Peace is a 'duty' that concerns all say bishops of Japan
By Lisa Zengarini
“Peace is possible; peace is a duty”. The Japanese bishops have reiterated this call in their reflections for the Ten Days of Prayer for Peace event. The prayer initiative is held every year by the Church in Japan from 6 -15 August, the anniversary days of the two atomic bombings of Hiroshima and Nagasaki in 1945.
In this years’ message for the occasion, signed by the president of the Catholic Bishops’ Conference of Japan (CBCJ), Archbishop Isao Kikuchi of Tokyo, the prelates draw attention to the new threats to nuclear peace and international security, amid Russia's war against Ukraine, taking cue from Pope Francis’ considerations at the General Audience on September 2, 2020 and from his Urbi et Orbi Easter Message on April 17, 2022.
Russia’s invasion of Ukraine hinders world peace
In the General Audience two years ago, the Pope called for “diversity and solidarity united in harmony” as the way to emerge from COVID-19 crisis in a better state than before. “However – the Japanese bishops note - over the past six months what has unfolded before our eyes has not been harmony, diversity or solidarity, but confrontation, exclusion and violence”.
Russia’s invasion of Ukraine shocked the world as a violent act of a major power that trampled on the growing efforts of the international community in its search for peace. The situation continues to unfold without regard for the wishes of so many people who want to protect life and seek peace.
Peace cannot be won through violence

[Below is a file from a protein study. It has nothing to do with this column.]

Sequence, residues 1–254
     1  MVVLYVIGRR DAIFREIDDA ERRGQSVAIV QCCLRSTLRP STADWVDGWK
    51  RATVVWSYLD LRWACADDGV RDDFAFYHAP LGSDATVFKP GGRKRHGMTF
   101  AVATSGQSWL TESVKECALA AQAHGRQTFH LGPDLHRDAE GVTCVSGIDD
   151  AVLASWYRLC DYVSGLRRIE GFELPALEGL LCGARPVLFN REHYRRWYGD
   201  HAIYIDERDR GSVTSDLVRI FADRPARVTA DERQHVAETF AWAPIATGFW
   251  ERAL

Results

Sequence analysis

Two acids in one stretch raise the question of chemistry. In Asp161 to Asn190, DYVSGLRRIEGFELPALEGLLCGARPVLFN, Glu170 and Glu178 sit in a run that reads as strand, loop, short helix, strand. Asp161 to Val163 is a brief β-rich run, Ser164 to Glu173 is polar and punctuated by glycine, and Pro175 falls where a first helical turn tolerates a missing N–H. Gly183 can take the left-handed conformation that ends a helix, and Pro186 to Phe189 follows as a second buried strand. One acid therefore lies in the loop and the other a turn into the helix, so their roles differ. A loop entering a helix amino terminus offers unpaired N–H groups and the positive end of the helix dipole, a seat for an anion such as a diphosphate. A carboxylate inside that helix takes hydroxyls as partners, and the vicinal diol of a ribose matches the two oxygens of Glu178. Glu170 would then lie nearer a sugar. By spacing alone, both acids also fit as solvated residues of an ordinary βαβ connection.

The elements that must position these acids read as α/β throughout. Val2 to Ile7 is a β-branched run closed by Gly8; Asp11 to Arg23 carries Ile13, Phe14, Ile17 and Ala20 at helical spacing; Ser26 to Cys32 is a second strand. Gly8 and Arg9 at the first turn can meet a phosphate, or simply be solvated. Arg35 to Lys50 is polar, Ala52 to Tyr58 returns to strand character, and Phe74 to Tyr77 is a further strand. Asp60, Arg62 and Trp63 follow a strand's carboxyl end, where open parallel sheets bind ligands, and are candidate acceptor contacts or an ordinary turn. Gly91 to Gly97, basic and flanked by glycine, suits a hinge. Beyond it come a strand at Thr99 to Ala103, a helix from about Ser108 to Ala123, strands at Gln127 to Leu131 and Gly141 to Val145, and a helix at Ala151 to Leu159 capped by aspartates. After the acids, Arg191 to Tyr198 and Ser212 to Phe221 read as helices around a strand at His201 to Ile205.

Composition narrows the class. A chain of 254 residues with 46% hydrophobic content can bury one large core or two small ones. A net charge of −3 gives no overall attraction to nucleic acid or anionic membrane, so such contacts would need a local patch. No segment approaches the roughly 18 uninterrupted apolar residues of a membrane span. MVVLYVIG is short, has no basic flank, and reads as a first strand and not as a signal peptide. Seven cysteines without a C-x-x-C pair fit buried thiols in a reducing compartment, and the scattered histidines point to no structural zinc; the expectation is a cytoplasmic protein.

During the pandemic we have learned from experience that supporting each other in solidarity, is the best way to protect life. Now, after the Russian invasion of Ukraine, the world “is being swept by feelings that peace can be won through violence. But that would only trample on true peace”, the Japanese bishops warn.
When we are touched by the many people who are violently deprived of life by war and our hearts are overwhelmed by the unreasonableness of it all, the fear and anger that arises pushes compassion and support out of our emotions.
The consequences of war affect the entire human family
The message goes on to note that war is so “powerful” that other vital but neglected issues related to human life, including poverty, economic crises, persecutions and people forced to flee their homeland for different reasons, “are driven from our awareness”. Citing Pope Francis’ Easter appeal, Archbishop Kikuchi further points out that: “Every war brings in its wake consequences that affect the entire human family: from grief and mourning to the drama of refugees, and to the economic and food crisis”.
As the Church in Japan commemorates the atomic bombing of Hiroshima and Nagasaki the bishops, therefore, encourage the faithful “to reflect upon and act for peace from different angles”.
Archbishop Kikuchi closed his message arguing that “peace without violence is possible”, and asked Catholics to use the Ten Days to “take action to proclaim the solidarity that creates peace.”
"Ten days of Prayer for peace" initiative
The "Ten days for peace" initiative was established by the Japanese Bishops in in 1982, following Pope John Paul II’s “Appeal for Peace at Hiroshima” (25 February 1981) during his Apostolic Journey to Japan, in which he emphasized that “remembering the past is engaging for the future”. During his visit to the Country in November 2019, Pope Francis further added that the possession of nuclear weapons is also immoral.